Saturday 12 September 2020 2:46 pm

No-deal Brexit would hurt UK more than EU, says German finance minister

A no-deal Brexit would do more damage to the UK economy than the European Union’s, according to the German finance minister.

Speaking on Saturday following a meeting of 27 EU finance ministers in Berlin, Olaf Scholz said there would be “significant consequences” for Britain.

Read more: Brexit: EU intensifying no-deal preparations after latest negotiating round

“My assessment is that an unregulated situation would have very significant consequences for the British economy,” Scholz told a news conference.

However, he added that the European Union would be less affected and are well prepared for such a scenario.

“Europe would be able to deal with it and there would be no particularly serious consequences after the preparations we have already made,” he said.

It comes as Boris Johnson tries to push through a controversial bill.

The so-called Internal Market Bill has caused controversy both in the UK and on the continent.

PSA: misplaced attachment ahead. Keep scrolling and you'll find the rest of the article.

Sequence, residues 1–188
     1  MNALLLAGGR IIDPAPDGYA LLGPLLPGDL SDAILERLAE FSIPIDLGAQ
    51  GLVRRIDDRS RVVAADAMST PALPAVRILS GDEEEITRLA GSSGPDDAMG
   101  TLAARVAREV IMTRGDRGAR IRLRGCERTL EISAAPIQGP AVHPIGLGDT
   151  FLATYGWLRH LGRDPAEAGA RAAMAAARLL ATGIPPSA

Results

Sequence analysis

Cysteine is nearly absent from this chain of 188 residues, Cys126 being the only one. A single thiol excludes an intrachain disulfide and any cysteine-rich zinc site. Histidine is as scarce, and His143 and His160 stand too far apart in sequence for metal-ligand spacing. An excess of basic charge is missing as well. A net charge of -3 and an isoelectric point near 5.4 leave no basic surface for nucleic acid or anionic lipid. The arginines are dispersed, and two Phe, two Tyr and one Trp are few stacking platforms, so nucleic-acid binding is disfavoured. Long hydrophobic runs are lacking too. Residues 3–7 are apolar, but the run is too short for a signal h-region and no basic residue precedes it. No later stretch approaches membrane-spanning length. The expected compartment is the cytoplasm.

It addresses the Northern Ireland Protocol, which is designed to prevent a hard border returning to the island of Ireland.

If written into UK law, it would give ministers the power to “disapply” rules relating to the transport of goods between Northern Ireland and the rest of the UK that would come into effect from 1 January, should the UK and EU fail to strike a trade deal.

The EU has threatened legal action should the bill be passed, while the European Parliament said it would scupper any chance of a trade deal.

Prime Minister Johnson said it was needed to protect Britain’s integrity.

Scholz also said that the European economy had been recovery better than expected.

Read more: Brexit: Prime Minister urges Tory MPs to back him over bill

There had been significant fears at the start of the Covid-19 pandemic of the damage that would be done.

However, he added that governments should continue to support companies and consumers alike.

“The pandemic is not over, but the indicators … show that the economy is recovering much better than we feared some time ago, and that is something that applies to the European Union as a whole but also to the individual member states,” Scholz said.